Thursday, September 9, 2004

Birds of Prey #73 - A Review

Written by: Gail Simone
Penciled by: Ron Adrian & Eric Battle
Inked by: Rob Lea & Rodney Ramos
Colored by: Hi-Fi Design
Lettered by: Jared K. Fletcher
Editor: Joan Hilty
Publisher: DC Comics

This enjoyable mini-series has been made up of two completely separate stories, both stemming from the same investigation of a rash of teen suicides. The teens in question were all members of the same religious organization and were all found dressed in the costume of a dead teenage superhero.

In the first story, the vigilante Huntress has investigated the cult itself. The good news is that her back-up, the animal-ability imitator Vixen, is no longer being hypnotized by the cult’s leader. The bad news is that a number of other superheroes, including a guy who can move mountains with his mind, still ARE having their minds controlled and they just got the order to move in for the kill.

In the second story, Barbara Gordon (aka the hacker supreme and ex-Batgirl known as Oracle) suffers some kind of attack while trying to hack into the cult’s computer system. Though a stay at the hospital shows her to be fine, her partner in crime-fighting Dinah (aka the superheroine Black Canary) is worried that Babs’ sanity is no longer in mint condition. This proves to be a dead-on assessment, as we find out that Barbara’s mind has been invaded by the supercomputer Brainiac, who has been running the whole Church scam as a way of finding a suitable means of bringing himself back into physical form. Barbara IS that suitable means and between her DNA and all the computers full of alien technology she has access to, Brainiac is well on his way to being physically reborn.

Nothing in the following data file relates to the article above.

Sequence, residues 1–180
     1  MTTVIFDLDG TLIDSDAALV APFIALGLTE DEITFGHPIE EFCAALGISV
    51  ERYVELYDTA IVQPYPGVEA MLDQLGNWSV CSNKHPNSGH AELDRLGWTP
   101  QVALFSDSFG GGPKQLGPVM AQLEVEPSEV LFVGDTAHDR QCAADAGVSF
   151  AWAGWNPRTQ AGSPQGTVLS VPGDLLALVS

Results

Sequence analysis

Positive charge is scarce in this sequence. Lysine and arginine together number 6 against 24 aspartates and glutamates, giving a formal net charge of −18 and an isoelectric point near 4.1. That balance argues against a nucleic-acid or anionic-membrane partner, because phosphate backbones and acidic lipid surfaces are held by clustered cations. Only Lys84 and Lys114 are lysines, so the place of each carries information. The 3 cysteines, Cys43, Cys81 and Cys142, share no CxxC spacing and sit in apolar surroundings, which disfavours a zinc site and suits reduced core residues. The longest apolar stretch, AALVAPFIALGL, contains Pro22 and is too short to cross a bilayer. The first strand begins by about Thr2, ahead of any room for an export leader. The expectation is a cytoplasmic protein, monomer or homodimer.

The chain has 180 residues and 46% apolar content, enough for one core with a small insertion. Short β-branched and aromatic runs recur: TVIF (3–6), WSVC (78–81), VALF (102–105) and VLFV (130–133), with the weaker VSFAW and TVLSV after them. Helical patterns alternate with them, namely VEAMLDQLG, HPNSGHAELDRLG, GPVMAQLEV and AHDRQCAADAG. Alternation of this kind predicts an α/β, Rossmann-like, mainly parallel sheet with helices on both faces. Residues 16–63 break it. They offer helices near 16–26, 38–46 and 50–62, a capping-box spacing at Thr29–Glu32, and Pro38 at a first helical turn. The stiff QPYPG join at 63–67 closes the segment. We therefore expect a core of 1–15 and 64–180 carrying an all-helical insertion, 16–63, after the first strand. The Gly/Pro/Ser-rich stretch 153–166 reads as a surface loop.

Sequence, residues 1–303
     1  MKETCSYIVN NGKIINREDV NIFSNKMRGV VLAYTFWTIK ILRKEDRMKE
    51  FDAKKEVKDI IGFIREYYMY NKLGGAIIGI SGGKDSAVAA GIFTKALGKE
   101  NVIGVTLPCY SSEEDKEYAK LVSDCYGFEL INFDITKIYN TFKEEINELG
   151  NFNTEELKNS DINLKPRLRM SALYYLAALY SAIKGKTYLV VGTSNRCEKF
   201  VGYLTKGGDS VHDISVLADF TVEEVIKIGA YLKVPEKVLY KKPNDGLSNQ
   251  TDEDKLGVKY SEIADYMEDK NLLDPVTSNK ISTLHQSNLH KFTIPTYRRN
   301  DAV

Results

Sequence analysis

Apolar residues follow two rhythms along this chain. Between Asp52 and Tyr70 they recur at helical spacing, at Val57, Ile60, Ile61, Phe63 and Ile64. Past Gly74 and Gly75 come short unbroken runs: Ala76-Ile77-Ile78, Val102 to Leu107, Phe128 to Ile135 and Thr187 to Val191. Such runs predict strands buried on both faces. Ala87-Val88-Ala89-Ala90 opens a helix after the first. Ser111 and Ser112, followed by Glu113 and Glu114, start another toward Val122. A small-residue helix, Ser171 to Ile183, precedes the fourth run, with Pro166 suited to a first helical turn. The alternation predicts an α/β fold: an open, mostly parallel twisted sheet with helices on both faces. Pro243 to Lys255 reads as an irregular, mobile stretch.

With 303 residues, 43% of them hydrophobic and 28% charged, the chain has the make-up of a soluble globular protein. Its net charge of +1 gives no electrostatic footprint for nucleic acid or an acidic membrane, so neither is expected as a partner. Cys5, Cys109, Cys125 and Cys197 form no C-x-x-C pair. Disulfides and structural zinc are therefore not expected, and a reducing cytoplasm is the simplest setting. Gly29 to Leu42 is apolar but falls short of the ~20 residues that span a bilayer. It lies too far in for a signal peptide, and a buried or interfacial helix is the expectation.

The issue is split between these two stories and we get a nice study in contrast here. On the one hand, we get Vixen and Huntress doing the typical superhero smack-down scenes with tons of butt-kicking and ass-whooping to be had. In the other, Black Canary fights a psychological battle to try and reach what little is left of Oracle’s humanity as Brainiac tries to overpower the logic centers of her mind.

Less enjoyable is the contrast in the artwork. While the team of Adrian and Lea is as enjoyable as usual in the scenes with Vixen and Huntress, the Oracle/Canary scenes with Eric Battle’s pencils and Rodney Ramos’ inks leave a lot to be desired. Battle appears to be trying to ape Adrian’s style so the contrast between the two is not as glaring and he does succeed at some points. For the most part, his faces are far too cluttered and lack the smooth simplicity of Adrian’s work. This accentuation is furthered by Ramos’ inks, which are far too thick and dark to match the lighter strokes of the artwork

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